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Does Self-Rated Health Predict Death in Older Adults with Depressive Symptoms?*

  • Philip St. John (a1) (a2) and Patrick Montgomery (a3)

Abstract

We analysed a prospective cohort study to determine (1) if self-rated health (SRH) predicts mortality in older adults with and without depressive symptoms, and (2) to determine if there is an interaction between SRH and depressive symptoms on mortality. We followed 1,751 community-dwelling adults aged 65 and older over five years. Measurements included age, gender, education, the Center for Epidemiological Studies-Depression (CES-D), SRH, the Modified Mini-Mental State Examination (3MS), and the Older Americans Resource Survey (OARS). Our outcome measure was time to death. Analyses were conducted in those with, and those without, depressive symptoms. We constructed Cox regression models with an interaction term for the CES-D and SRH. The hazard ratio (HR) for mortality was 1.63 for those with depressive symptoms; it was 1.68 for those without. No significant interaction was found between depressive symptoms and SRH for mortality.

Nous avons analysé une étude de cohorte prospective afin de déterminer (1) si l’auto-évaluation de son propre état de santé (AES) prédit la mortalité chez les personnes plus âgées, avec et sans symptômes dépressifs, et (2) de déterminer s’il y a une interaction entre l’AES et les symptômes dépressifs sur la mortalité. Nous avons suivi pendant cinq ans 1 751 adultes âgés de 65 ans qui habitaient dans les communautés. Les mesures comprenaient l’âge, le sexe, le niveau d’éducation, Center for Epidemiological Studies-Depression (CES-D), the Modified Mini-Mental State Examination (MMS), et le questionnaire Older Americans’ Research Survey (OARS). Notre indicateur de résultats était la duree de vie avant le décès. Les analyses ont été faites sur des sujets avant ou non des symptômes dépressifs. Nous avons construit des modèles de régression de Cox avec un terme d’interaction pour la CES-D et l’AES. L’indice de risque pour la mortalite était de 1,63 pour les sujets atteints de symptômes dépressifs ; il était de 1,68 pour les sujets sans symptômes. Aucune interaction significative n’a été trouvée entre les symptômes dépressifs et l’A-ES pour la mortalité.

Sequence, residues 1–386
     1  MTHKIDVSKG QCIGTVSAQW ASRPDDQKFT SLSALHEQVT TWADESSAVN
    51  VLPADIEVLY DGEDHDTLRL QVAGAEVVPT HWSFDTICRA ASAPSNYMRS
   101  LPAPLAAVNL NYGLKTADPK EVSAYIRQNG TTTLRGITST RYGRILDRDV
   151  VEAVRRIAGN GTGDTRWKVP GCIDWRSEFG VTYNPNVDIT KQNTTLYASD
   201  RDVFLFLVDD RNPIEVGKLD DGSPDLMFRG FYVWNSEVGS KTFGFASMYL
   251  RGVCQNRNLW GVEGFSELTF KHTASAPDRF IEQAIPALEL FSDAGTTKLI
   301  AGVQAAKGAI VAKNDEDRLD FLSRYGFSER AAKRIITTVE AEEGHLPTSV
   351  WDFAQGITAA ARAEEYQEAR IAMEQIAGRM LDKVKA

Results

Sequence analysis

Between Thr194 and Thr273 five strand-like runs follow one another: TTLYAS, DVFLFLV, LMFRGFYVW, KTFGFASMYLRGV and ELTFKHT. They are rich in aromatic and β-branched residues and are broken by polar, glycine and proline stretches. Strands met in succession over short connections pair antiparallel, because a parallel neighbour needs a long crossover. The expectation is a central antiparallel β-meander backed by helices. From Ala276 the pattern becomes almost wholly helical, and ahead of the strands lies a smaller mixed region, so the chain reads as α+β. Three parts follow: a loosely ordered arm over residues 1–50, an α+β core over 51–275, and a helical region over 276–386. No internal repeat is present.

Copyright

Corresponding author

Correspondence and requests for offprints should be sent to / La correspondance et les demandes de tirés-à-part doivent être adressées à: Philip St. John Associate Professor, Head Section of Geriatrics, University of Manitoba GE 545 Health Sciences Centre, 820 Sherbrook Street Winnipeg, MB, Canada R3A 1R9 (pstjohn@hsc.mb.ca)

Footnotes

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*

The Manitoba Study of Health and Aging (MSHA) was funded primarily by Manitoba Health, with additional funding provided through the Canadian Study of Health and Aging by the Seniors Independence Research Program of the National Health Research and Development Program of Health Canada. The second wave of the MSHA was funded primarily by Manitoba Health’s Healthy Communities Development Fund with additional funding provided through the Canadian Study of Health and Aging by the Seniors Independence Research Program of the National Health Research and Development Program of Health Canada (Project No. 6606-3954-MC[S])). The results and conclusions are those of the authors, and no official endorsement by Manitoba Health or other funding agencies is intended or should be inferred.

Conflict of Interest: Neither author has any financial, personal, or potential conflict of interest.

Authors and Sponsor’s role: Dr. Montgomery was involved in the initial planning of the MSHA. Dr. St. John and Dr. Montgomery conducted clinical examinations and planned these analyses. The sponsors played no role in interpreting the results.

This paper was presented at the American Geriatrics Society Annual meeting in Washington, DC, 2008.

Footnotes

References

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Does Self-Rated Health Predict Death in Older Adults with Depressive Symptoms?*

  • Philip St. John (a1) (a2) and Patrick Montgomery (a3)

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